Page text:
Monsignor Harry J. Byrne, JCD * * * Comment/

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Location: 3103 Arlington Avenue,, Bronx, NY 10463, United States

September 25, 2007


Today in Little Rock, Arkansas, former President Bill Clinton led the 50th anniversary celebration of the "Little Rock Nine". In his speech, he described how nine black children, aged 14 to 16, were escorted into Central High School on September 25, 1957 by soldiers of the US Army's 101st Airbourne Division. The famous 1954 Brown v Board of Education decision of the US Supreme Court had legally ended school segregation. But segregation had, as a matter of fact, continued in Arkansas under Governor Orville Faubus. He had posted Arkansas National Guard troops to prevent black students from entering the school. For three weeks the black students were refused entry. Then, President Dwight Eisenhower ordered US Army troops to see to the entry of the nine children into the school without disorder or violence. A hate-filled crowd badgered the children, some spit on them. Their time in Central High was not pleasant. Their text books and other school equipment were stolen or damaged. They were insulted and ridiculed by white students. Two finished their senior years elsewhere.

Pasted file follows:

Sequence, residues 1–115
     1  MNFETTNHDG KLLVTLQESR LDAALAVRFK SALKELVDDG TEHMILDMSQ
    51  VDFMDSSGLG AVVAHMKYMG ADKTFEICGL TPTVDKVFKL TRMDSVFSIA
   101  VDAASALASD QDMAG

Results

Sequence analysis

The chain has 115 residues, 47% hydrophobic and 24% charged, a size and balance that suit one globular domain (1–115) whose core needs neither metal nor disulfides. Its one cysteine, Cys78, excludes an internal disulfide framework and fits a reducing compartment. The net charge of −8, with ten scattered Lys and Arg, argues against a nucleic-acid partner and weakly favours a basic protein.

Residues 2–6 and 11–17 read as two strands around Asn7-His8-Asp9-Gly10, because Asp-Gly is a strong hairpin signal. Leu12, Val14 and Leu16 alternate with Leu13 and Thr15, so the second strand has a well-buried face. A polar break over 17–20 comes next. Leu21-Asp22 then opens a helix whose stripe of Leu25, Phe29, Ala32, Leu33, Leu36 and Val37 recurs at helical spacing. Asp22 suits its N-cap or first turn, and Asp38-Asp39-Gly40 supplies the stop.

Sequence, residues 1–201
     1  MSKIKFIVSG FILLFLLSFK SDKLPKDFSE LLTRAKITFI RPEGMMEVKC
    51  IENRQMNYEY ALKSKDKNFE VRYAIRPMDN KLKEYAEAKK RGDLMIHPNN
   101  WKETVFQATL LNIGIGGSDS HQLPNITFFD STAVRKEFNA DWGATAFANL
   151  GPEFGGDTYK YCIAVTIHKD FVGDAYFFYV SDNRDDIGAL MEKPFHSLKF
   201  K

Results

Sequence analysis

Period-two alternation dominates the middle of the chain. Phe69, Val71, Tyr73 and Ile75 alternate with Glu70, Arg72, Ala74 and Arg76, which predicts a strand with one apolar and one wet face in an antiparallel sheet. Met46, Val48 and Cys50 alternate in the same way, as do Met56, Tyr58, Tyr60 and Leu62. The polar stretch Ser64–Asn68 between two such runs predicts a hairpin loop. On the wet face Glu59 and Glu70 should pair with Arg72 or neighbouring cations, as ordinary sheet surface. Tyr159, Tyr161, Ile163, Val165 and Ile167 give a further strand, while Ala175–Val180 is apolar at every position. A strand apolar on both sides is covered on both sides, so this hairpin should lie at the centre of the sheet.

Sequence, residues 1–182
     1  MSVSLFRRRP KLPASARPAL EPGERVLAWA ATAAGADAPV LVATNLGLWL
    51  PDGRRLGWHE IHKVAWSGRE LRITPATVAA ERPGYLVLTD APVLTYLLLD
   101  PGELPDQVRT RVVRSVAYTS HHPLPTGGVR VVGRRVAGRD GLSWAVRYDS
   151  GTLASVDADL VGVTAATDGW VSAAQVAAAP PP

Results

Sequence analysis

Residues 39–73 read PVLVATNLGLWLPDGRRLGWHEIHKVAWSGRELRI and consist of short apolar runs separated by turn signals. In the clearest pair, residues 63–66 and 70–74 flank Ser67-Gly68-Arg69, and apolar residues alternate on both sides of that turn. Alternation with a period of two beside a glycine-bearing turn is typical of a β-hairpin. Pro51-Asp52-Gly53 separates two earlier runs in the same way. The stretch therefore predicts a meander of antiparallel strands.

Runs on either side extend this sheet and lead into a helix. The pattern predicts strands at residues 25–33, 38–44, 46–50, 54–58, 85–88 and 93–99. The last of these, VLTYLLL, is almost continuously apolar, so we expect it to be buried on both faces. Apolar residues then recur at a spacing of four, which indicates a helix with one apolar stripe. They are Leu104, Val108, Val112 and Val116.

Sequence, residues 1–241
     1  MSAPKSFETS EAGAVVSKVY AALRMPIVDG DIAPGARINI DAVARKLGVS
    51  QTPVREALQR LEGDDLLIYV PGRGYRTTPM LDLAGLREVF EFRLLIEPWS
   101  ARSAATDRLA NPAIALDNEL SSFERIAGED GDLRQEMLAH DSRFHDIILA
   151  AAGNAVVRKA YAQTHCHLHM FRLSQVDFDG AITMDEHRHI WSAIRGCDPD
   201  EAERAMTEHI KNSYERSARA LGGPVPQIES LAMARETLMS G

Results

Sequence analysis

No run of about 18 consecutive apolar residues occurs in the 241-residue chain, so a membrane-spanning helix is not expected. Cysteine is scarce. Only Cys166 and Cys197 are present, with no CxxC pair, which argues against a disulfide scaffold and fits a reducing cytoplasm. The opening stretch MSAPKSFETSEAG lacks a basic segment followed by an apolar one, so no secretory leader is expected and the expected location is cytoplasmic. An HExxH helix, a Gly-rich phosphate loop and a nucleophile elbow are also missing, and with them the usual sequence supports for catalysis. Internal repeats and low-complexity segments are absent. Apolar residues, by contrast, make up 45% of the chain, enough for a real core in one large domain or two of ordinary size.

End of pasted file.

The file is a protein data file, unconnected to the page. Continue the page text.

The Lehrer Report tonight on PBS presented an interview with the nine, now in their mid-sixties, each composed and self-confident. Each had volunteered to be brought into the school by the army. Their stories of what they had endured were emotionally gripping. All declared, however, how pleased they were to have been involved in this landmark battle, ultimately for the good of the nation. One of the women described how, when she went in with the soldiers, she "felt the steel stiffen in her spine".

Biographies of the nine show how each followed up high school on college and university levels. Each has continued to be a speaker and advocate for civil rights, while carrying on their occupations as realtor, professor of psychology, financial consultant with a major investment firm, guidance counselor, and other productive occupations. One, Gloria Ray Karlmark, graduated from Illinois Institute of Technology, worked as a mathematician in this country before emmigrating to Sweden where she worked in IBM's legal department. Subsequently she worked for Phillips International throughout Europe where she currently resides. She was a co-founder and then editor-in-chief for fifteen years of the professional journal, "Computers in Industry".

Tomorrow's newspapers and television screens will be brightened up by this story of the 50th Anniversary of the "Little Rock Nine".